art outside the box | the freer | sackler blog

DJ Spooky at Asia After Dark

A portrait of Paul Miller, aka DJ Spooky, at Asia After Dark.

Tags:
Posted by in Asia After Dark | 1 Comment

Getting the Party Started

Drinks by Ping Pong

Posted by in Asia After Dark | No Comments

Drum Kit

Making a renewable frame drum as part of Asia After Dark.

Instrument maker John Tewksbury showed participants how to make and personalize a renewable-frame drum. All it takes is wood, plastic wrap, paint and decorations, and your own imagination!

A drummer with heart.

Posted by in Asia After Dark | Comments Off

Asia After Dark: Night at the Museum

Guests arrive for Asia After Dark and check out the list of the evening’s events.

Posted by in Asia After Dark | No Comments

Asia After Dark Begins at 7pm tonight!

DJ Spooky and musicians Danielle Cho and Jennifer Kim

Asia After Dark: Asian Soundscape begins in about an hour and includes a live performance by acclaimed digital media artist and musician DJ Spooky and instrumentalists Danielle Cho and Jennifer Kim. Also on the program, instrument-maker John Tewksbury and cross-cultural percussionist Steve Bloom, follow by curator-led exhibition tours. Listen. Watch. Create….then dance!

Tags:
Posted by in Asia After Dark | No Comments

Join Us for A Tale of Two Cities: London and DC

Chelsea Shops, James McNeill Whistler, 1880s, F1902.149a-b.

This Sunday, take an imaginative stroll through London’s Chelsea neighborhood and learn about the history of DC’s waterfront. Join Maya Foo, curator of Whistler’s Neighborhood: Impressions of a Changing London, and Lee Glazer, associate curator of American art, at 1 pm in the Freer for a tour of the exhibition followed by a 1.5-mile walking tour of the Southwest Waterfront. The free tour will be conducted by Cultural Tourism DC, rain or shine. Register now!

The tour will shed light on the parallels between the Southwest Waterfront, a neighborhood currently in transition, and nineteenth-century Chelsea, a mixed-income area that was affected by the Thames Embankment project. Both neighborhoods are situated along riverfront property, making the land attractive for real estate development.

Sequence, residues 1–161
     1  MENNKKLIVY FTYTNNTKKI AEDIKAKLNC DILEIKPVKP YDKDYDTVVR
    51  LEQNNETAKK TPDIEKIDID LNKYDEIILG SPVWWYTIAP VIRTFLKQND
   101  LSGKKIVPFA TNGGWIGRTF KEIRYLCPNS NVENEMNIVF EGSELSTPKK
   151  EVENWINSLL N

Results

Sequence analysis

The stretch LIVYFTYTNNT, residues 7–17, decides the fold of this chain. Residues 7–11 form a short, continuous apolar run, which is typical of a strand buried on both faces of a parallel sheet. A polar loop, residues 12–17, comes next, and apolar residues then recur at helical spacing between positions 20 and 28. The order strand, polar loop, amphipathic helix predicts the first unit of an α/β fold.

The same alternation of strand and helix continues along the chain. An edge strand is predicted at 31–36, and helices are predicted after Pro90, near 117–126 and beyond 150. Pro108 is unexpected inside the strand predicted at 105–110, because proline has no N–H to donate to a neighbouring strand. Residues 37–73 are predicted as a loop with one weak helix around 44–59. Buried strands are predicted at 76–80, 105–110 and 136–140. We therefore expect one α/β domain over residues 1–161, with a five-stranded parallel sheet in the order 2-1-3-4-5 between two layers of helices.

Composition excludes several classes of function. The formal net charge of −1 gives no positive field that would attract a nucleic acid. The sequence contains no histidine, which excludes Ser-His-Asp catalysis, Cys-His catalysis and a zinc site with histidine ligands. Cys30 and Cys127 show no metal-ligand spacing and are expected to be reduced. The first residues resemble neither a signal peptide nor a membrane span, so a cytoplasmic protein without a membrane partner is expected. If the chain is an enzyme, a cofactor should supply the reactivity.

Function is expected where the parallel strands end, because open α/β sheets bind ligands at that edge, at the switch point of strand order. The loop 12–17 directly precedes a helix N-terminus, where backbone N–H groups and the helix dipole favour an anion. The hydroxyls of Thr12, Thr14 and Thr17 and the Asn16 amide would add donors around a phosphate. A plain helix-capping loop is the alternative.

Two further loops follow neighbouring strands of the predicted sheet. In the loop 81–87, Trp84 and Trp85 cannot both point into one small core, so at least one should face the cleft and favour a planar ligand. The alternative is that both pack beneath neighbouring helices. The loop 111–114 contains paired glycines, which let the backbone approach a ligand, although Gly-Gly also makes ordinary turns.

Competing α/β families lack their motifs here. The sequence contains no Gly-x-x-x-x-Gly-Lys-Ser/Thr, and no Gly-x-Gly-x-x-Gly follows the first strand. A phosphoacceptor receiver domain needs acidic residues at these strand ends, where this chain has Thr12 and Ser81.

The Chelsea Embankment, which was part of the larger Thames Embankment project, was a major public engineering feat that resulted in improving river navigation and the city’s sewage system. It also changed the topography of the waterfront by reclaiming acreage from the river where public gardens and pedestrian walkways were later established. Redevelopment also occurred with the demolition of historic buildings, which created space for expensive mansion blocks—apartments that were intended for the upper classes. The poor were displaced and many were forced to live above storefronts in small, cramped apartments with other families.

Old-clothes Shop, No. 2, James McNeill Whistler, etching on paper, F1903.163.

The diminutive works in the exhibition are coded with social issues, including childhood poverty and overcrowding. Whistler, however, did not intend for these works to promote social change. The etchings were not mass produced and were not meant for a wide audience. While documenting the poorer sections of Chelsea, the artist was attracted to the geometric forms created by architectural elements, such as window panes and doorways.

Register now to join us on Sunday!

Posted by in American Art, Events, From the Collections, Talks and Lectures | No Comments

Remixing the Museum: An Interview with DJ Spooky

DJ Spooky, Novara Jazz Festival 2007; credit: Giancarlo Minelli

In anticipation of Asia After Dark: Asian Soundscape, Bento caught up with acclaimed digital media artist and musician Paul Miller, aka DJ Spooky. He will perform at F|S on Friday evening, playing music set against 1940s black-and-white films featuring Asian American pioneer actress Anna May Wong.